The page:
To start this month’s blog, it is a Happy 21st Birthday to my son Jamie Peter Norris. That was the easy bit. Having written poetry for my daughters Jennifer and Lisa, it would be pertinent to do something for Jamie though he may not thank me nor did he ask me, but that’s fine too. This task did not sit easy at all as inspiration failed me and given my quirky dislike for poetry, it was a challenge that beat me. However, in parallel, a number of artistic ideas were flowing around the eerie maze that is within my head.
One was inspired by a film that I really like called “The Shawshank Redemption”. Most of you will know it. I was always under the misconception it was based on a Stephen King short story and wondered how a short story could become such a detailed and brilliant film. I wanted to write a short story that could be turned into a film like that, but could not figure out how I could reduce the words to succeed. Then I discovered it was actually based on a Stephen King novella called “Rita Hayworth and Shawshank Redemption”. A novella is a long short story or a short novel with the word count generally varying between 20,000 and 40,000 words. Now I was in the right territory. A novella beckoned, but on what subject.
In another parallel sphere, I was getting to the end of watching the TV series, “Castle”, one of my favourite US Crime dramas. I love the chemistry and wit between the main protagonists, Rick Castle and Kate Beckett and to be fair she is not half bad looking. A thing that baffles me about US television police dramas, is the use of last names when calling each other. The Cops almost always call each other by their last name or surname. Even when Rick Castle and Kate Beckett got married they still most often called each other Castle and Beckett rather than Rick and Kate. The trend was noticeable in other similar genre programmes like “Blue Bloods” and “Rookie Blue”. I think perhaps it is a North American thing. Then, coincidentally after one episode which I had discussed the phenomenon with Sheila, the following day, I was unexpectedly called “Norris” by a work colleague, ‘out of the blue’, to stick to the blue theme. No harm meant. It just made me think that it is unusual in Ireland, a bit American in fact. I didn’t find it offensive but it did give me a thought. How would an Irish crime drama go where the protagonists and characters only used first names? That would be more Irish and different. It would contrast with the Americans and I reckon it would be unique. But what name to choose?
As I was looking for inspiration for a poem about Jamie, the thought occurs, why not Jamie for the main character? Not a bad name. I gave Jamie Norris the name (with Sheila of course). Why not borrow it back so to speak? It’s a good name for a lead character, but a novella is a huge leap from a poem. But hey let’s see where it goes, I thought. I wanted the theme to be an Irish crime thriller, set locally in the South and South-East of Ireland and incorporate places that I know well. The characters would only be known by the role or their first name unless there I was referencing real people rather than fictitious people.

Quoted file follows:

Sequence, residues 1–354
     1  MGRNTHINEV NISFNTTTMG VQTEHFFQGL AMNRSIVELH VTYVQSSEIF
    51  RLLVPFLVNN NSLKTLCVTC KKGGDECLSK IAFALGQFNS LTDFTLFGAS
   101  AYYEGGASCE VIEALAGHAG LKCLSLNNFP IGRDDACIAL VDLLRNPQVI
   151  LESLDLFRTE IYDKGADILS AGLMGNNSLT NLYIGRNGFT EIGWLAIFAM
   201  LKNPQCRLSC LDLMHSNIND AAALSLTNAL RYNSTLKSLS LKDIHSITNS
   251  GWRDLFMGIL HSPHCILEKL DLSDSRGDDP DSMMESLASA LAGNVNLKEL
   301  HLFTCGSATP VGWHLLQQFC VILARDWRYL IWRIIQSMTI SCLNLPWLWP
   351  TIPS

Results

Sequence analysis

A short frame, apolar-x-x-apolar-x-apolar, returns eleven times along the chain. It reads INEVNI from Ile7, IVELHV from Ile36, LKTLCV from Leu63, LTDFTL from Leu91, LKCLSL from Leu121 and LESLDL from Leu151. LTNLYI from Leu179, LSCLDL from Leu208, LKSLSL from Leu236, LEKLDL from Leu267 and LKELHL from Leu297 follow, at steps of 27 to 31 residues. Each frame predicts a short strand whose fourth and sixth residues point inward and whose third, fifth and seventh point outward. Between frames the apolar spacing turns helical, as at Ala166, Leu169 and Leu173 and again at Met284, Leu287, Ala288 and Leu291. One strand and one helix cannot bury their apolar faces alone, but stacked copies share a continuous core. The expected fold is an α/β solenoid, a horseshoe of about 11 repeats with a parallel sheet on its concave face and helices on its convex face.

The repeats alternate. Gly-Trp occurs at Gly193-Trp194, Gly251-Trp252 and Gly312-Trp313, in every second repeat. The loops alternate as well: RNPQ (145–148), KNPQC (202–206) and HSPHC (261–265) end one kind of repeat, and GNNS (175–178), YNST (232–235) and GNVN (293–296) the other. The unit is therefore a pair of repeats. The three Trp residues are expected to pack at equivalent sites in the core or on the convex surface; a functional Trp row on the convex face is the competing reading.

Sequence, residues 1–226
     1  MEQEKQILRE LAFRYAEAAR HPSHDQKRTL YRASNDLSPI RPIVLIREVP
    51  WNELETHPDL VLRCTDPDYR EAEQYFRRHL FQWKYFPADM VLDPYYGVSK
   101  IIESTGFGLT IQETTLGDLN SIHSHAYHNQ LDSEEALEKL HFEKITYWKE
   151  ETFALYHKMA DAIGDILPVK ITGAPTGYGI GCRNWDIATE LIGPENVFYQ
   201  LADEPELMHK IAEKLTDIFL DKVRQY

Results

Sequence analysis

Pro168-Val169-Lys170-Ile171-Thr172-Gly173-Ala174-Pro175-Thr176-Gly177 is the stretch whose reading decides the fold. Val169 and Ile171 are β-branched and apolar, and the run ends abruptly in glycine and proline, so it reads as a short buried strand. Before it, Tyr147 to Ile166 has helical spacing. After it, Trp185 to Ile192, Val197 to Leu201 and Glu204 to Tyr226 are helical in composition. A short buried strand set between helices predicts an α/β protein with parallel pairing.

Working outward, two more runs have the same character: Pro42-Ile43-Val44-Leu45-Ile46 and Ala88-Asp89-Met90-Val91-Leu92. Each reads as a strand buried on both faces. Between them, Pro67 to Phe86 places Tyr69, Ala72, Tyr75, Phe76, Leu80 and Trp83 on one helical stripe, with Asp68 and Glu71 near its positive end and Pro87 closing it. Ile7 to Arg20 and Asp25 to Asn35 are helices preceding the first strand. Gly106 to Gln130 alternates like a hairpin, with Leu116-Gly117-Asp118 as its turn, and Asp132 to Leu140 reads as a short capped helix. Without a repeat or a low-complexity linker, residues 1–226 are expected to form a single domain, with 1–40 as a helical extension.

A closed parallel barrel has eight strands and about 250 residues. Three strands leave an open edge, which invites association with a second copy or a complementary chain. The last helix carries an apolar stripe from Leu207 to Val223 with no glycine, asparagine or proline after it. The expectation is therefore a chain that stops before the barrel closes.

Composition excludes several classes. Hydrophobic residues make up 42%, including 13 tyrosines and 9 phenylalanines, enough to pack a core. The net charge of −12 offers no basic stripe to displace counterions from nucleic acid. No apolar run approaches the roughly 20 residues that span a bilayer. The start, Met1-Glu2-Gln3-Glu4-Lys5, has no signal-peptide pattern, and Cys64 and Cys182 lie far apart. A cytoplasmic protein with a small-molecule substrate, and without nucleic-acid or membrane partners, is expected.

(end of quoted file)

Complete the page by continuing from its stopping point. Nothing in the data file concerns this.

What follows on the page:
Around the same time as inspiration was growing, I went to the “Cowboys and Heroes” festival in County Leitrim, a country and western festival headlined by the singer Lisa McHugh. Really enjoyed my weekend in the North West and Lisa McHugh, so I introduced a Country and Western singer into the plot. This gave me the opportunity to write the lyrics of song which I called “Jamie” (Click link for lyrics) for the purposes of my Novella plot rather than a poem. Not exactly about my son Jamie, but it is called “Jamie” in a novella called “Jamie”. It was as close as inspiration could bring me. A leap and a small compromise. If any reader with a female country and western background wants to put the music to it, please contact me. At the moment, it is just words.
From here the novella snowballed into my most risqué piece of work yet. It is definitely not suitable reading for young people with murder, bad language, sexual innuendo and nudity involved but honestly no wildlife was really harmed in the writing of my first novella. Locals will recognise scenes around Kilkenny especially Piltown, Hugginstown, Windgap and Paulstown, in Tipperary, Grangemockler and Carrick-On-Suir, as well as Mahon and Fota in Cork and Tinryland in Carlow.
To my son Jamie, enjoy your birthday and thanks for the inspiration and the use of your name. Thanks to rest of my family who throw their eyes to heaven on a regular basis. To my work colleagues at Glanbia whose actions and words inspired different elements of the story, plot and characterisation. I know you are a covert reader, but always delighted to have you as I target double figure readership. Please read my debut novella, “Jamie” and share with your adult friends. To US crime drama fans, your crime drama has now been given a unique Irish slant. To publishers, it’s new, it’s different and it’s Irish! Read it and try not to weep.